With aviation "accounting for approximately 3.5% of emissions from developed countries", and with the additional nitrogen oxides emissions and contrails "estimated to be about two to four times greater than those of CO2 alone" it will be a low-hanging juicy target that is growing at 9% per year.

The options are batteries (for take-off), biofuels and perhaps hydrogen. All of these add to weight and/or cost, are nowhere near ready for general usage, and may have highly questionable net-carbon emissions (just like the EU has discovered with much biodiesel). We also have the case of US corn ethanol which has an EROI hovering around 1, simply a subsidy to US corn farmers. Only Brazil is able to produce ethanol (sugar cane based) at anywhere near an acceptable EROI. For hydrogen there is also the emotional (and practical) issue that was encapsulated by the Hindenburg. Hydrogen is extremely flammable, and therefore the general public would need to be brought around to flying in a "hydrogen bomb".

My personal feeling is that we simply end up flying a lot less (especially on long-distance "cheap" vacations), possibly reinvigorating some of those more local resorts, with flying returning to being more of an elite pass-time.

https://www.bbc.com/news/science-environment-11707135



Sigmetnow

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Re: Aviation
« Reply #213 on: November 01, 2018, 12:26:18 AM »
'Electric flying is becoming a reality', says easyJet CEO as they plan to test 9-seater electric plane next year
https://electrek.co/2018/10/29/electric-flying-is-becoming-a-reality-says-easyjet-ceo-electric-plane/

It will take a lot of 9 seaters.....

”While they are starting with a small plane, Wright is trying the ambitious goal of building a battery-powered 150-seat plane to compete with 737-size aircrafts in the market for short-haul trips (under 300 miles).”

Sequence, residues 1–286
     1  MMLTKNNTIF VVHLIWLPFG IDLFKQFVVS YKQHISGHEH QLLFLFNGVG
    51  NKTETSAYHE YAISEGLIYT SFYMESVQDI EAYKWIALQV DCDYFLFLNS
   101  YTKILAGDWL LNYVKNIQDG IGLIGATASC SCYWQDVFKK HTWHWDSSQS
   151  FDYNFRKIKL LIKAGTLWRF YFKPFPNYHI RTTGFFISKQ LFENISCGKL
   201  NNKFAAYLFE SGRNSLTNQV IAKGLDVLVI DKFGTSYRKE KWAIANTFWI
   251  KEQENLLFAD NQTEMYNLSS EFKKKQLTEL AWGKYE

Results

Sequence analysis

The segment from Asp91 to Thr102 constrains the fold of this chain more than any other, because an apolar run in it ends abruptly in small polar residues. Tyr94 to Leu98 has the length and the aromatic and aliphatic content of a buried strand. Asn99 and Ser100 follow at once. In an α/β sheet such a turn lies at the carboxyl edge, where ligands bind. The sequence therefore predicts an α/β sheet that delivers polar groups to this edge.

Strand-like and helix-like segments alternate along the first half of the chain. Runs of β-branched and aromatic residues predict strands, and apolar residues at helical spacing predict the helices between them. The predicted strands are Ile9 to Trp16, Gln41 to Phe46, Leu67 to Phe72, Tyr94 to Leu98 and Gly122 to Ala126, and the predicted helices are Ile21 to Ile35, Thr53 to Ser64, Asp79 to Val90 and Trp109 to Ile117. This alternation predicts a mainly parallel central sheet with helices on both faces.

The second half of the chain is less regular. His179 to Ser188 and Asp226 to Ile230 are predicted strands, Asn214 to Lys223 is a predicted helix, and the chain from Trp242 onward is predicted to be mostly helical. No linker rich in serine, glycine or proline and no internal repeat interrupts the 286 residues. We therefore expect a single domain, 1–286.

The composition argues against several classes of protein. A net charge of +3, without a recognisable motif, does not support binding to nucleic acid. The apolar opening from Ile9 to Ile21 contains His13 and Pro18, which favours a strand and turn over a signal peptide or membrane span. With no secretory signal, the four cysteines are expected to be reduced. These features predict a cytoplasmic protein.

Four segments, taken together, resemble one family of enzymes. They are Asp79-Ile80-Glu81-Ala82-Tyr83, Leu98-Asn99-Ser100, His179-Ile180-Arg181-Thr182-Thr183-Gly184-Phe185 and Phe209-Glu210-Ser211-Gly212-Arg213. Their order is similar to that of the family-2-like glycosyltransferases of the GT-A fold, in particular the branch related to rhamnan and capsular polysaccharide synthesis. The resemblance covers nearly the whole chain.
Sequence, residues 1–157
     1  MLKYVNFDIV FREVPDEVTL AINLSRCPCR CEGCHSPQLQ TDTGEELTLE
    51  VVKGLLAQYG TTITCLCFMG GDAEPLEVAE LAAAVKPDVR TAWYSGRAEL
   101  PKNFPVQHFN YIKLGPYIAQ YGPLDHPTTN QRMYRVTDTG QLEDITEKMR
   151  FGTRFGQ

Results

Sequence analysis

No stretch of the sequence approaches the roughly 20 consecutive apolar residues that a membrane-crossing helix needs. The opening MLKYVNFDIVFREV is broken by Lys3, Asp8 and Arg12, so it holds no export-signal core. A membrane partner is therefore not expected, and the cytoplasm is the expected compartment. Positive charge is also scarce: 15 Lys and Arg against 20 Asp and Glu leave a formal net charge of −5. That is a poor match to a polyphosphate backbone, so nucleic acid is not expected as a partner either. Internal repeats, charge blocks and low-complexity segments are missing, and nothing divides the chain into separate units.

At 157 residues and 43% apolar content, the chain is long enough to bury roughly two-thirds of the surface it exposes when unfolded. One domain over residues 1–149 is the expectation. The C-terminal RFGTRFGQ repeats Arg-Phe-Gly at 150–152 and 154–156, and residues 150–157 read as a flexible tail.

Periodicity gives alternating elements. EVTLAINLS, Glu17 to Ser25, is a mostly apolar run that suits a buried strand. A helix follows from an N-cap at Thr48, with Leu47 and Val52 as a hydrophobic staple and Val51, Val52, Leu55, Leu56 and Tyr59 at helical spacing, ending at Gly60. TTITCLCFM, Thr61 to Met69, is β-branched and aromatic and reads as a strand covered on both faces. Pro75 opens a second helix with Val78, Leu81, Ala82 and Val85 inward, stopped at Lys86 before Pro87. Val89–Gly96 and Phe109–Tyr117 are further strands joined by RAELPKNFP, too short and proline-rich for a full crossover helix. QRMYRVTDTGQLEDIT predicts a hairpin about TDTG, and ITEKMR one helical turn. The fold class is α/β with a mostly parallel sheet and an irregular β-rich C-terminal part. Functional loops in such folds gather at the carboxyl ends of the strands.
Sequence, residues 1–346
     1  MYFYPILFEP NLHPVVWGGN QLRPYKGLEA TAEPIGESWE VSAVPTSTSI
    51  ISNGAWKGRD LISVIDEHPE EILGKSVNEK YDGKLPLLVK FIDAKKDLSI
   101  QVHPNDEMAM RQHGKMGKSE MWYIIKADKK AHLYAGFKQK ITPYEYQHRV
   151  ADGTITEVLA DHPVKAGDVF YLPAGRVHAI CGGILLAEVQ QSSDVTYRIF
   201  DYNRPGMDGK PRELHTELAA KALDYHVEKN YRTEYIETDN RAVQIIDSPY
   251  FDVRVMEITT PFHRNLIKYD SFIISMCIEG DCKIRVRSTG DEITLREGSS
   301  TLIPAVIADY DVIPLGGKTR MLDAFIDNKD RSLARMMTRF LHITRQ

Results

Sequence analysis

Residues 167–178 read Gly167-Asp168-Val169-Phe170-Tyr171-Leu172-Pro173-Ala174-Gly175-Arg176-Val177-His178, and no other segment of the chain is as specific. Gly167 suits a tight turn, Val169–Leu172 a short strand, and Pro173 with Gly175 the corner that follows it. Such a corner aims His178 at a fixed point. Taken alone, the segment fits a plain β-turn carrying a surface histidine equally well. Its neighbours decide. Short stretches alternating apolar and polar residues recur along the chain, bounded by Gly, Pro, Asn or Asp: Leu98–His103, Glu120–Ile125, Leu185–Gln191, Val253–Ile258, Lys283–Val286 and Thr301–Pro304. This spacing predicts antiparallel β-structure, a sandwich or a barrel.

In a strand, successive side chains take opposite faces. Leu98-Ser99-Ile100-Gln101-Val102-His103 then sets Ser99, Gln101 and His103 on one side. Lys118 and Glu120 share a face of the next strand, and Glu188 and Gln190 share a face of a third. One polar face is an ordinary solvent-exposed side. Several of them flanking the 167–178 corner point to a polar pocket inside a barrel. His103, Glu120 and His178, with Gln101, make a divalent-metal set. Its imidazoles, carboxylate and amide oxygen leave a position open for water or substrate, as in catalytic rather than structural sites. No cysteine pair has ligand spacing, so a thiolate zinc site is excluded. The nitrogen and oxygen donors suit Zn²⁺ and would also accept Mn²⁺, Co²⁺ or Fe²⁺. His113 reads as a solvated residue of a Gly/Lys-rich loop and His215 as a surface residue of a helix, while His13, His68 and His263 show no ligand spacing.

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oren

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Re: Aviation
« Reply #214 on: November 01, 2018, 02:19:21 AM »
When the global community (or perhaps the larger powers) get real about cutting emissions, one of the "low hanging fruits" will be aviation. How can one argue that my vacation in Thailand (from Canada) or the arrival of fresh tulips and other things overnight from distant places is not a luxury we could do without to save our societies?

With aviation "accounting for approximately 3.5% of emissions from developed countries", and with the additional nitrogen oxides emissions and contrails "estimated to be about two to four times greater than those of CO2 alone" it will be a low-hanging juicy target that is growing at 9% per year.

The options are batteries (for take-off), biofuels and perhaps hydrogen. All of these add to weight and/or cost, are nowhere near ready for general usage, and may have highly questionable net-carbon emissions (just like the EU has discovered with much biodiesel). We also have the case of US corn ethanol which has an EROI hovering around 1, simply a subsidy to US corn farmers. Only Brazil is able to produce ethanol (sugar cane based) at anywhere near an acceptable EROI. For hydrogen there is also the emotional (and practical) issue that was encapsulated by the Hindenburg. Hydrogen is extremely flammable, and therefore the general public would need to be brought around to flying in a "hydrogen bomb".

My personal feeling is that we simply end up flying a lot less (especially on long-distance "cheap" vacations), possibly reinvigorating some of those more local resorts, with flying returning to being more of an elite pass-time.
My personal feeling is that we continue flying as usual up until the collapse, unfortunately. The desire to fly and have that vacation in Thailand is very strong and prevalent across many levels of society, with the result of flight demand growing 7-8% annually. I strongly doubt that the masses will give up flying to save the planet. I fervently hope that some technological solution will be found to enable either flying on batteries, or to somehow synthesize aviation fuel using renewable electricity.

Sleepy

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Re: Aviation
« Reply #215 on: November 15, 2018, 10:04:36 AM »
Re: large commercial ones: From the video in #209 above and Andreas Schäfer: "We need to start now in order to have these technologies avialable at mid century."
There is only one option left, stop flying.

Stumbled over this:
https://twitter.com/KevinClimate/status/1062300137731641344
Quote